Yet, sadly, medical people judged me too. Some still do. On more than one occasion, I was asked to undergo a breath test. I had not been drinking. In fact, I had been on an Alpha course, which they had given me permission to attend. But it often overran and so they assumed I must have been drinking or doing something I shouldn’t. It irritated me to be treated in such a demeaning way: undergoing breath tests, drugs tests, searches…All I had done was attend a local group, yet I knew complying with my jailers was the only answer. I say jailers because they held the keys to the air lock and they dictated when, or if, I could go out—even though I was a voluntary patient.

I am sure that I am not alone in feeling judged or labelled. We are, after all, a society fixated on labels and psychiatry is full of them. We do not seem to treat causes, just a set of symptoms. We treat people as objects rather than human beings with feelings and emotions: can this be right? Recently I spoke about this with a psychologist, as we discussed how I felt labelled by the mental health system. I recounted how in hospital I had expressed my frustration at not being allowed to get a hot drink when I wanted one. This had been deemed as trouble making and my subsequent actions as attention seeking. I was relieved that the psychologist seemed to understand why I had done what I had during my time in hospital. His response allowed me for first time not to feel judged by the medical profession. Instead my frustrations were validated. If a patient acts out in a psychiatric unit, staff see them as aggressive or troublesome rather than someone who is distressed and trying to demonstrate their feelings and frustrations. Looking back I can see that if they had offered to help me understand and explore why I had reacted that way, instead of labelling me, judging me and drugging me, it would have been far more beneficial to me, my alters and to the team.

Today, although I am no longer a patient, I still find at times that I feel judged. It may be the case that I am over-sensitive and that my past colours my interpretations, so it is good for me to keep this in mind. But I know that many people, even those who have heard about DID, struggle to understand what it is like being me, this person with many parts. That struggle to comprehend DID so often expresses itself as judgement.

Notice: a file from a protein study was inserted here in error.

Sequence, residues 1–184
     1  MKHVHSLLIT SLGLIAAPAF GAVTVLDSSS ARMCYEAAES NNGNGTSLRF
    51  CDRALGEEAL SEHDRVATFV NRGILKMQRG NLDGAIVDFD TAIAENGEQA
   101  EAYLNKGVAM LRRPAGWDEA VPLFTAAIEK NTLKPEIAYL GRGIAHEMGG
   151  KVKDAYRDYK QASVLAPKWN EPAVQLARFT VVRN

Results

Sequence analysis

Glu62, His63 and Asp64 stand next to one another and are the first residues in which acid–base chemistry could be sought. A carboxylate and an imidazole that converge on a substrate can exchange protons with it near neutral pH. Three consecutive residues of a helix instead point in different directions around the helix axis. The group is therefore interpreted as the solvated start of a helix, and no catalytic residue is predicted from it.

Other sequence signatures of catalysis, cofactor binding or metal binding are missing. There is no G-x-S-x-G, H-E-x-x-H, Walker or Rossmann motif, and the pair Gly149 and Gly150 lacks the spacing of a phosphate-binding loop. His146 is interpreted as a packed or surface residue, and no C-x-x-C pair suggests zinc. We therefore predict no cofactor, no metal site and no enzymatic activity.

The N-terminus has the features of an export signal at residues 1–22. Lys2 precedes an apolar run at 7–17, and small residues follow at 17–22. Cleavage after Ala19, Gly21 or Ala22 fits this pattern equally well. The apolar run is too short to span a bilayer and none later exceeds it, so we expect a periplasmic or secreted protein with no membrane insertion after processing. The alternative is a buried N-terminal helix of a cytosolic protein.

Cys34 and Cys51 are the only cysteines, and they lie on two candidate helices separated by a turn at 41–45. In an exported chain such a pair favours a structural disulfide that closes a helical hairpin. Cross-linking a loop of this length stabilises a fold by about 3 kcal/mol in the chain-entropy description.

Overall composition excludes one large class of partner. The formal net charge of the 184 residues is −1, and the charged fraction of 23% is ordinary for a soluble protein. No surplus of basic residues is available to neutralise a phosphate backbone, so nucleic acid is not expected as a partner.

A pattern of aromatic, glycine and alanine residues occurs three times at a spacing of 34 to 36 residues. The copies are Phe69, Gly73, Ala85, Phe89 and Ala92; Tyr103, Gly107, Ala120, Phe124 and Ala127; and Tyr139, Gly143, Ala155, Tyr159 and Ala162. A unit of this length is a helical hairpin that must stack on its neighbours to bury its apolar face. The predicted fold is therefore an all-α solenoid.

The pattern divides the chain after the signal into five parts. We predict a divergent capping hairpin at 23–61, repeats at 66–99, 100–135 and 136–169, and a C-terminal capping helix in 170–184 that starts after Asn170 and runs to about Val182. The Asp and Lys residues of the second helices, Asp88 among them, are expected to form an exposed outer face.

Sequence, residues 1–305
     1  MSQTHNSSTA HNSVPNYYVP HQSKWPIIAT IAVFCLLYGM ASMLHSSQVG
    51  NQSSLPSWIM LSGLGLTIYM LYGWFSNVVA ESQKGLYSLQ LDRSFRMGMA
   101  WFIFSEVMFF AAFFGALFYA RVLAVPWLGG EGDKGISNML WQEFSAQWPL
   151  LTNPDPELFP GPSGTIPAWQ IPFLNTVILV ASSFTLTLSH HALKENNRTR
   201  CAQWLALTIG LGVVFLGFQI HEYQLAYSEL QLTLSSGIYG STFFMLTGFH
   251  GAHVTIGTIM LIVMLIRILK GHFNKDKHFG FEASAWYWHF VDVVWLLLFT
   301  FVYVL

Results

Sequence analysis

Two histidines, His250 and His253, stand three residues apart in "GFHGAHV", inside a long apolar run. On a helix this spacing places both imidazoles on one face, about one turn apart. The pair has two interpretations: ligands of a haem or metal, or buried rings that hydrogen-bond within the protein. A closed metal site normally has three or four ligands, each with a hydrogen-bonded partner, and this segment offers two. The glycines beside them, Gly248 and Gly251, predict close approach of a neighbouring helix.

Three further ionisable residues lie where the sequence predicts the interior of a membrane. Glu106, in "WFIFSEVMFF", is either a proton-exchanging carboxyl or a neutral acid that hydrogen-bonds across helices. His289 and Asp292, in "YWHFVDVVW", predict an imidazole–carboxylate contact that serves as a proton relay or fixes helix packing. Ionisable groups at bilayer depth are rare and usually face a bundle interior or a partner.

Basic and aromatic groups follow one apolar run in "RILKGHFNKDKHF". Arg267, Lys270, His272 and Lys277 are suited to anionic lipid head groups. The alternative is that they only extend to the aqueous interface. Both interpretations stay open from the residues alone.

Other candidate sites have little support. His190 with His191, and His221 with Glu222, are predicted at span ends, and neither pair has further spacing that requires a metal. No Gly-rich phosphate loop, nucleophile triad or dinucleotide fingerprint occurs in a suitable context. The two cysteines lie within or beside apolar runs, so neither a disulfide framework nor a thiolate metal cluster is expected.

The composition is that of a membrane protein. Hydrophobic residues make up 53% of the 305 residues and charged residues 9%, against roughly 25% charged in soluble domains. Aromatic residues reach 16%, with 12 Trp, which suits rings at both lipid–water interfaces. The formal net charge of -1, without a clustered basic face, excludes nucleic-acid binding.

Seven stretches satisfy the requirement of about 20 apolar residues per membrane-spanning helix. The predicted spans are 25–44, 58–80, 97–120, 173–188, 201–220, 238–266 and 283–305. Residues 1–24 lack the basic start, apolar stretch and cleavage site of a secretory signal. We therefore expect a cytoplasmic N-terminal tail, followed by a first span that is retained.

Yes, it is chaotic at times and, yes, some days are better than others. Life for me and my alters is never easy but I am not asking people to give me special treatment. Everyone has heartaches or weaknesses that leave them vulnerable to judgement; I just wish people would treat us as they would want to be treated. Recently a neighbour and friend who has known me for just over a year invited me over for coffee and the issue of my having DID arose. They had noticed that I use pluralistic terms, for example ‘we’ instead of ‘I’, and this baffled them. So did the fact I would seem to lose track of conversations or forget things frequently. The opportunity to talk in a non-threatening situation about these issues presented an opening to tell them about DID and what that meant, and this led to an honest discussion about it. My neighbour and friend didn’t judge me. Instead she asked me questions, allowing us both a chance to understand each other’s perspectives. My advice for anyone who like my friend has questions about DID is to be as open and honest as you can be, try not to be judgemental but treat the person with DID as you yourself would want to be treated. I know that I am grateful for the conversation I had with my friend, as it has allowed me to feel more comfortable around her and I can appreciate her honesty at feeling perplexed about my DID initially. Her reactions demonstrate that not everyone is going to treat me negatively just because I have DID or have spent time in a psychiatric facility. My hope now is that other people’s attitudes change too.